On Wednesday, September 10th on Fox & Friends First, Institute of World Politics professor Rebeccah Heinrichs was asked to comment on the recent cancellation of peace talks between the U.S. government and the Taliban at Camp David.
Professor Heinrichs expertly noted that beyond finding a solution that is optimal for maintaining stability in the region, we must also find one which honors the lives of those who died in the September 11th attacks as well as in the ensuing conflict. When asked about how the U.S. government should best move forward to achieve this, Professor Heinrichs asserted that among a lot of “bad choices,” at this point, the best one is to not negotiate with the Taliban while they actively continue to protect and harbor Al-Qaeda.
Though the Taliban released a statement in response to the cancellation of the Camp David meeting stating they have been and are still willing to continue peace talks, their behavior indicates the contrary. As evidence of this, Professor Heinrichs cited the recent Taliban orchestrated killings of a U.S. and Romanian soldier among other civilians in Kabul, Afghanistan on September 5th to demonstrate exactly why the U.S. cannot continue negotiations.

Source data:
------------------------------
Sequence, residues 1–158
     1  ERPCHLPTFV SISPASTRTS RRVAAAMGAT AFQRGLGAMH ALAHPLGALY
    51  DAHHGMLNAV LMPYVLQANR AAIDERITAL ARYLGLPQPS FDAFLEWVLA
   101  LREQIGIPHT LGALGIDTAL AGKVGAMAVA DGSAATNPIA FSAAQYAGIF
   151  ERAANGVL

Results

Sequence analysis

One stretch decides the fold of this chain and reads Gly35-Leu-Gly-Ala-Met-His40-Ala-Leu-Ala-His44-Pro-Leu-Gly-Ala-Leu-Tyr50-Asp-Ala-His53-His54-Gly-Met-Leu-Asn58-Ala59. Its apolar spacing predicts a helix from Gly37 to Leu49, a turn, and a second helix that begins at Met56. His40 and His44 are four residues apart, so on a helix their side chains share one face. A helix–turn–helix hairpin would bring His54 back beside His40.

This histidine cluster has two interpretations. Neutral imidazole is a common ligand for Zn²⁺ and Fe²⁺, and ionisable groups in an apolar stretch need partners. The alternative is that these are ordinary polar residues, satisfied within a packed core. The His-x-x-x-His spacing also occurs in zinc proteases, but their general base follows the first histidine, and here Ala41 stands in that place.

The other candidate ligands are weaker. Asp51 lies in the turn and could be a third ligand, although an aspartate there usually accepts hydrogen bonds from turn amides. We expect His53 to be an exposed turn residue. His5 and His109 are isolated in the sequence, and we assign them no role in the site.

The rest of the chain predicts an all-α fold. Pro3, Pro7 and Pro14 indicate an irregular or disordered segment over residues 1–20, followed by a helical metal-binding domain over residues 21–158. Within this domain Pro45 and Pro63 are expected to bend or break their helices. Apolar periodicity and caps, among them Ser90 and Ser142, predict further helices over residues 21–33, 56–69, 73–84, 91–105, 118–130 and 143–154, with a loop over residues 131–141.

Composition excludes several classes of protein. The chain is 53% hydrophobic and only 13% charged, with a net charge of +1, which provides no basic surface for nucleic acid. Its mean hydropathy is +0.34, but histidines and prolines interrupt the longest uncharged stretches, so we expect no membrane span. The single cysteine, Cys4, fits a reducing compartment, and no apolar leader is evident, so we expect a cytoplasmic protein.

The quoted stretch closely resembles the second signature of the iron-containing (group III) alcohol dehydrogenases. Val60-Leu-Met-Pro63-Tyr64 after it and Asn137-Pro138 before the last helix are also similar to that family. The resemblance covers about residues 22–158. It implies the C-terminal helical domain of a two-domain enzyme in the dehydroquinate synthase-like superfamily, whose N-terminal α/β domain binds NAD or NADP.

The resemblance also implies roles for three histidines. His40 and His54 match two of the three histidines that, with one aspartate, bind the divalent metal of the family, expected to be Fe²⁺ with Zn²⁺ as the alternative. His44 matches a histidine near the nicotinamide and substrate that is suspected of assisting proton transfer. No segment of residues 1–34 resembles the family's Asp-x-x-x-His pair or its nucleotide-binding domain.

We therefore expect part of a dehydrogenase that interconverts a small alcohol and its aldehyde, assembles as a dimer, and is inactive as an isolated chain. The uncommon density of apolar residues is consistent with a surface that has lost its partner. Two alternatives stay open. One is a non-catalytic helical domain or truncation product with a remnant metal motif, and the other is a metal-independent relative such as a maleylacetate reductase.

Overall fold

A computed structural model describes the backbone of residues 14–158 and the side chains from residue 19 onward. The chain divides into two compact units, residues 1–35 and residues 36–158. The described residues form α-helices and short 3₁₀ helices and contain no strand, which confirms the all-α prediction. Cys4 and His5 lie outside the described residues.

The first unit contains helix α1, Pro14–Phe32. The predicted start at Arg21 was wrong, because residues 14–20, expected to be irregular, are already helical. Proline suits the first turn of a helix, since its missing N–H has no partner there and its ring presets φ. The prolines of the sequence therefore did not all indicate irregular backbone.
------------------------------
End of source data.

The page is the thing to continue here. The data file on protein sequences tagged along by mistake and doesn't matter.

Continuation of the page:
Continuing her commentary, Professor Heinrichs asserted that so long as the Taliban and Al-Qaeda remain inseparable and the violence by the hands of these terrorist organizations continues, peace talks are and will remain impossible. Because of the considerable resources that would be required to completely expunge the Taliban and Al-Qaeda from the region, the next step for the U.S. government should be to withdraw the bulk of our forces, while maintaining a residual force to monitor and continue counter terrorism efforts.
Professor Heinrich’s views reflect a sentiment that likely many of our service members & their families, among other Americans share: that it is time to acknowledge the considerable progress we’ve made in our counterterrorism operations and begin to bring our troops home.
In her words, it is no longer a matter of when the conflict ends but when we decide to end it.